Editorial Board

Burundi's Crisis Is Political, Not Ethnic

Africa's leaders must stop treating their constitutions like an Etch-a-Sketch.

Third time is not a charm.

Photographer: Landry Nshimiye/AFP/Getty Images

What's happening now in Burundi is evoking anxious comparisons to what happened 21 years ago in Rwanda, where some 800,000 Tutsis and sympathizers were killed in 100 days in a Hutu-led genocide. But the roots of the current violence are more political than ethnic, and so there can be hope that the crisis -- though still deeply disturbing -- is more tractable.

Burundi's unrest stems from the unwise decision in April by President Pierre Nkurunziza to secure a third term over the objections of his opponents, both Hutu and Tutsi, who argued that doing so violated Burundi's post-civil war constitution.

On Thursday, the United Nations Security Council condemned the violence -- which included the put-down of a coup in May -- that has killed at least 240 and caused more than 180,000 Burundians to flee to neighboring countries. Although the resolution called for stepped-up mediation and contingency planning by the UN and Burundi's neighbors, it stopped short of any punitive action.

Moreover, the response by Burundi's neighbors to Nkurunziza's power play has been disjointed and conflicted. The African Union doesn't want to jeopardize Burundi's contribution of 5,000 troops to its peacekeeping force in Somalia, for instance. Meanwhile, leaders such as Rwandan President Paul Kagame and the Democratic Republic of Congo’s Joseph Kabila are contemplating constitutional changes to enable them to run again for office.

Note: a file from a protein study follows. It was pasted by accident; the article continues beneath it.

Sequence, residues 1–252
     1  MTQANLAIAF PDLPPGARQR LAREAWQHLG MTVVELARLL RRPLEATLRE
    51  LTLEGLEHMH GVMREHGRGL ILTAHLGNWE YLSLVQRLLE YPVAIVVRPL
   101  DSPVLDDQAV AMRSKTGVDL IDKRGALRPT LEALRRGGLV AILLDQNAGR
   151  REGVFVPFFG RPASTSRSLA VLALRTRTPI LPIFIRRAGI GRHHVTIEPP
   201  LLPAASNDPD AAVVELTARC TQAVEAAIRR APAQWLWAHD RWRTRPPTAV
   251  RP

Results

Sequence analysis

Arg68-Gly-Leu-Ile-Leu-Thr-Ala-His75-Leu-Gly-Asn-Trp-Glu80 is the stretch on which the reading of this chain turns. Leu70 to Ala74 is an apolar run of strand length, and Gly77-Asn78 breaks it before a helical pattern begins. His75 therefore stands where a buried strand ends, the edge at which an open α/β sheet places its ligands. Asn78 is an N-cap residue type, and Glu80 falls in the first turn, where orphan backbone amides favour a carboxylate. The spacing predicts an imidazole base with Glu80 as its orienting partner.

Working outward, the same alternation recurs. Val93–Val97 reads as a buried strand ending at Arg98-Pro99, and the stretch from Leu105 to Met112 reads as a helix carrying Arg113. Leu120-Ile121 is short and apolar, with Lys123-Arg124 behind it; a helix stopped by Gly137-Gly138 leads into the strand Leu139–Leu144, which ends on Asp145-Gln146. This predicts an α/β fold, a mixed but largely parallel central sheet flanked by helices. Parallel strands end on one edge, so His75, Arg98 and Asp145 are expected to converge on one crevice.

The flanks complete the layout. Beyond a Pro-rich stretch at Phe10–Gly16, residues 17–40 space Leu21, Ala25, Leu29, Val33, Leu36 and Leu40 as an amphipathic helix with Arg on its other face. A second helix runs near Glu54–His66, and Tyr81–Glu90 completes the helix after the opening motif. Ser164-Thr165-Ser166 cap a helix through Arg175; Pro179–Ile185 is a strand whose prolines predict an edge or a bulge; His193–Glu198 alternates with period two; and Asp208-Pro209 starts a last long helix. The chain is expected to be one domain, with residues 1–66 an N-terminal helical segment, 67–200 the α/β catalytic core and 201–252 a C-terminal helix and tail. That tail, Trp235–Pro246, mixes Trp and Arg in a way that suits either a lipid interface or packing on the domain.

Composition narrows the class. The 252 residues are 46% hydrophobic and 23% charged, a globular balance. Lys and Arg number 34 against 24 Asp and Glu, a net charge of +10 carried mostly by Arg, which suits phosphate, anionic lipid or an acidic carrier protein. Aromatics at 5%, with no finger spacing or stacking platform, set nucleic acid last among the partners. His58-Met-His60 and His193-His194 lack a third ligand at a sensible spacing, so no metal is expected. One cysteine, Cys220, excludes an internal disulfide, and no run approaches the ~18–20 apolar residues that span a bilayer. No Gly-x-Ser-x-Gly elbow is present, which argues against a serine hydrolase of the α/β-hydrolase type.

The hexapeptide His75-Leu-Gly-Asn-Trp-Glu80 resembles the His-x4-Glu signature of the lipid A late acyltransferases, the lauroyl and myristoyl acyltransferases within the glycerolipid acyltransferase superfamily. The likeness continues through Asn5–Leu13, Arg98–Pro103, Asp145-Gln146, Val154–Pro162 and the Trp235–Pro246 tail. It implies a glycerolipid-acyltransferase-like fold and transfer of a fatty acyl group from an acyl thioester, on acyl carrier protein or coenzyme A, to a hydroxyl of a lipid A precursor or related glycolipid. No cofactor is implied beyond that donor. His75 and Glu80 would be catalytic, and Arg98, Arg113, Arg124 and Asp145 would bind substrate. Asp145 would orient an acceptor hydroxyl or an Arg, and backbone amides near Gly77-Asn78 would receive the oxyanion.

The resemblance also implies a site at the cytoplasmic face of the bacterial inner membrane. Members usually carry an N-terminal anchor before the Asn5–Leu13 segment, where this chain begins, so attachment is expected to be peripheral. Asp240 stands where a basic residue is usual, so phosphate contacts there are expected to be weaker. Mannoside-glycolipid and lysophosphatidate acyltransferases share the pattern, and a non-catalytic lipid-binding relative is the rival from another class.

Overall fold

African voters are increasingly angry about the tendency of their leaders to extend their hold on power by treating their constitutions like an Etch-a-Sketch. Without effective democratic institutions, however, they have mostly struggled to prevent that from happening. Decisions by the political opposition to boycott flawed elections, as Burundi's opposition did in 2010, have merely allowed rulers to consolidate their power. Outside exhortations from aid donors have had limited effect -- especially as China, the continent's largest trading partner, has stepped in with no-strings-attached offers of aid and investment.

So what can be done to prevent the violence from turning into a full-blown civil war?

Certainly Burundi's African neighbors need to do more, and the rest of the world needs to make clear to them the costs of inaction. The U.S. and European Union could buttress the Security Council's call for contingency planning with offers of more robust support for regional peacekeeping forces. Even with a stymied Security Council, outside players still have leverage. Travel bans and asset freezes keyed not just to human-rights violators but also to those implicated in Burundi's deep-seated corruption would send a strong signal. And surely China is not immune to the controversy and opprobrium that come from supporting a leader widely seen as illegitimate.

What has made Burundi a powder keg is not so much its troubled history or restive young population. It's the willingness of one man to attach and light the fuse, and the unwillingness of others to stop him.